Mon, 2015-01-12 00:00Brendan Montague
Brendan Montague's picture

Does Climate Denier Lord Ridley Boast Britain’s Biggest Carbon Footprint?

Lord Ridley, Owen Paterson and miner Harry Banks

Lord Matt Ridley, a card carrying member of Britain’s one percent, is responsible for one per cent of the entire country’s CO2.

Lord Ridley is a powerhouse of climate denial in Britain – and a leading contender for the title of Britain's biggest individual carbon polluter.

The self-styled Rational Optimist is an advisor to Lord Lawson’s secretly funded charity, the Global Warming Policy Foundation (GWPF), and acts as a one-man think tank to his brother-in-law, the sacked environment secretary Owen Paterson.

At the same time, the landed aristocrat will mine more than 10 million tonnes of coal from open cast mines scattered around his expansive Blagdon Estate in Northumberland during the next five years.

Sun, 2015-01-11 06:00Guest
Guest's picture

Subsidy Spotlight: Utah Land Defenders Stand Up To Dirty Politics

This is a guest post by Anna Simonton, on assignment with Oil Change International | Part 2 of 2

Lauren Wood grew up in a family of river guides in the Uinta Basin region of Utah. She navigates tributaries of the Colorado River like her urban counterparts navigate subway systems. She learned to ride a horse, and then drive a car, on the Tavaputs Plateau. And she can name most any gorge or gully in the place she calls home.

Sat, 2015-01-10 06:00Guest
Guest's picture

Subsidy Spotlight: Publicly Funding a Utah Disaster in the Making

This is a guest post by Anna Simonton, on assignment with Oil Change International | Part 1 of 2

A green stegosaurus graces the logo of Uintah County, Utah, a gateway to the famed Dinosaur National Monument, where breathtaking landscapes and fossils preserved in sandstone attract thousands of visitors every year.

That logo has taken on new meaning over the past decade as prehistoric remains have attracted a different crowd. Now oil and gas executives are flocking to the Uinta Basin in Eastern Utah, as new technologies––and support from the government––offer the dubious possibility of digging up the region’s vast deposits of oil shale and tar sands.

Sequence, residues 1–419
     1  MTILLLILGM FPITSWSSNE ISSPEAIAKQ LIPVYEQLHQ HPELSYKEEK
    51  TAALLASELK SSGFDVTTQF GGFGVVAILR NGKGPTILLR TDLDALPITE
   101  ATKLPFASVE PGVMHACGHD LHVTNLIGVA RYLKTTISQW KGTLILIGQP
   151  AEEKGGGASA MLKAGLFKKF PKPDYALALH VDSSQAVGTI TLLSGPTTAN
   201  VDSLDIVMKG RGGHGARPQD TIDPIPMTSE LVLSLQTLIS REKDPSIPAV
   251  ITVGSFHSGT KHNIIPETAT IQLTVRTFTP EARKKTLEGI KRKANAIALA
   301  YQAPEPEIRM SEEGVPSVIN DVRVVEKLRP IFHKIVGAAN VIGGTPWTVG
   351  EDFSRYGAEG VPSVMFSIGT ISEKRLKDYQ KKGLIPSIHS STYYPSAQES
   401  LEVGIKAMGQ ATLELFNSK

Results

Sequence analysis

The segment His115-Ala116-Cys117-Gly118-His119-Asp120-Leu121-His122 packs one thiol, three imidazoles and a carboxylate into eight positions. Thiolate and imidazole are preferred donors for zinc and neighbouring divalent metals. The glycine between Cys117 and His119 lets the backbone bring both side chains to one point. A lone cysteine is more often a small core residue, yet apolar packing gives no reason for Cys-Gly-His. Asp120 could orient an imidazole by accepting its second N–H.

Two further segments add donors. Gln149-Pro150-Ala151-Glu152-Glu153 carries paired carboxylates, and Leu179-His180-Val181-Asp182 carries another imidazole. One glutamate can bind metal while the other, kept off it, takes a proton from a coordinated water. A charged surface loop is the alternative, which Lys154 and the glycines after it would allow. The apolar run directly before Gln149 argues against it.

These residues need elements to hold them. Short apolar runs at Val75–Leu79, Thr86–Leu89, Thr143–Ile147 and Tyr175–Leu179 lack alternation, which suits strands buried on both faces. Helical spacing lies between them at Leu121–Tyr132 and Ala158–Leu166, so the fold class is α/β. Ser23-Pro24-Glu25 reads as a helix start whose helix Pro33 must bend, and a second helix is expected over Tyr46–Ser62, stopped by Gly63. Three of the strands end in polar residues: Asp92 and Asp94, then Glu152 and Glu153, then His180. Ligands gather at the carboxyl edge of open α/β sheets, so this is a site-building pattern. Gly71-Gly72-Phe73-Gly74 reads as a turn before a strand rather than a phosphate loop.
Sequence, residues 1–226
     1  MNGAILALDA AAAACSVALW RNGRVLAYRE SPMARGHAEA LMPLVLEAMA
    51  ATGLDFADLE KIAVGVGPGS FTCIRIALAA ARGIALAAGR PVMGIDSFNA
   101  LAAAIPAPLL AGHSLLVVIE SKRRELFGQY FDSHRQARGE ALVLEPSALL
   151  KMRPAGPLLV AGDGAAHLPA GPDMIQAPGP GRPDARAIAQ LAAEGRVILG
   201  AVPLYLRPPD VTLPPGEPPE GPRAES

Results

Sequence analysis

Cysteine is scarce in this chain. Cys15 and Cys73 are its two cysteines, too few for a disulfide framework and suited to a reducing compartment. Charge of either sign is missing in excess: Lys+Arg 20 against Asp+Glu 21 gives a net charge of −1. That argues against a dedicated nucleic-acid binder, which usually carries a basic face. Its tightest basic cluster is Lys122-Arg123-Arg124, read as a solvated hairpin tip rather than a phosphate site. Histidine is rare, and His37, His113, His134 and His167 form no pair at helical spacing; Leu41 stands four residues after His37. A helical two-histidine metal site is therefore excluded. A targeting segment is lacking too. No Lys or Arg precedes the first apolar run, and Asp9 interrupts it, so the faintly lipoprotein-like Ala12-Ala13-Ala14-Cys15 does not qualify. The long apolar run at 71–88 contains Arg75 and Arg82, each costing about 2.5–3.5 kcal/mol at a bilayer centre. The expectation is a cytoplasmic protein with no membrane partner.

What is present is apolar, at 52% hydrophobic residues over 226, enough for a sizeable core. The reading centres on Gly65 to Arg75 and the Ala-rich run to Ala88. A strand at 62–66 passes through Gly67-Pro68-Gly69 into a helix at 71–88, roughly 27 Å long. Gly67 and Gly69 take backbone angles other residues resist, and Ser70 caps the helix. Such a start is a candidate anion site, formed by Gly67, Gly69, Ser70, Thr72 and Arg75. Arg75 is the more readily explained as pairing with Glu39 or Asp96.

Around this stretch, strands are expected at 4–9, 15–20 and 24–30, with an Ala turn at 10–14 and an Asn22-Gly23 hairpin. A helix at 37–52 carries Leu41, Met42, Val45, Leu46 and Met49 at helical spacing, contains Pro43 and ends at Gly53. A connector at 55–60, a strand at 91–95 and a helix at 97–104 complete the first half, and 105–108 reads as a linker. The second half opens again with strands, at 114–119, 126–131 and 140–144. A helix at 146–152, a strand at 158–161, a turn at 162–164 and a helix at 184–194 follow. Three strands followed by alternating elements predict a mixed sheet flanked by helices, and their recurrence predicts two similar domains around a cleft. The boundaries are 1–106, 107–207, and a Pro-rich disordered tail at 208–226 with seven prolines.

Fri, 2015-01-09 16:42Guest
Guest's picture

Keystone XL Vote Analysis: House Proves Who They Serve

This is a guest post by Matt Maiorana, cross-posted with permission from Oil Change International. 

2015 is already bringing new challenges — including a congress that’s set on ignoring climate science and fighting for the fossil fuel industry instead of the American people.

One of their first acts of business has been an attempt to force approval of the Keystone XL pipeline, despite President Obama stating that he’ll veto the legislation. This hasn’t stopped pro-oil legislators from pushing the issue forward and it’s clear why.

We crunched the numbers and found that in today’s Keystone XL vote, members of the House of Representatives who voted ‘yes’ on approving the pipeline took a combined total of over $13 million dollars from the Oil and Gas industry in 2014 ALONE.

Compared to members of the House voting against the pipeline, they took 8.5x more money on average. And this doesn’t even include all the ‘dark money’ being spent by the fossil fuel industry in the most recent elections.

Fri, 2015-01-09 16:00Farron Cousins
Farron Cousins's picture

New Senate Majority Puts Keystone XL At The Top Of To-Do List

The Republican Party now controls the legislative branch of the U.S. government, but even before they were sworn in, they had made their priorities for the country clear. They want the Keystone XL Pipeline to become a reality.

Republican Senator John Barrasso of Wyoming appeared on Meet The Press to push the pipeline by quoting misleading and dishonest industry talking points: “[Obama’s] own State Department said it’s 42,000 new jobs…He’s going to have to decide between jobs and the extreme supporters of not having the pipeline.”

Barrasso is playing fast and loose with the facts here. As we pointed out years ago, the job numbers used to sell the pipeline are completely fabricated. For example, his claim that the State Department estimates 42,000 jobs from the pipeline has no basis in reality. The State Department has said that the pipeline will only create about 35 permanent U.S. jobs.

The 42,000 number that Barrasso is throwing around is based on the total number of direct and indirect permanent and temporary jobs that are estimated to be created by the pipeline. Almost all of these jobs would disappear within the span of 2 years.

But even if the 42,000 figure were accurate, it isn’t a substantial gain for the United States. According to The Washington Post, the U.S. economy adds an average of 50,000 new jobs every single week, so an $8 billion pipeline that traverses some of the most delicate environmental areas of the country is hardly worth the economic and environmental costs.

Pages

Subscribe to DeSmogBlog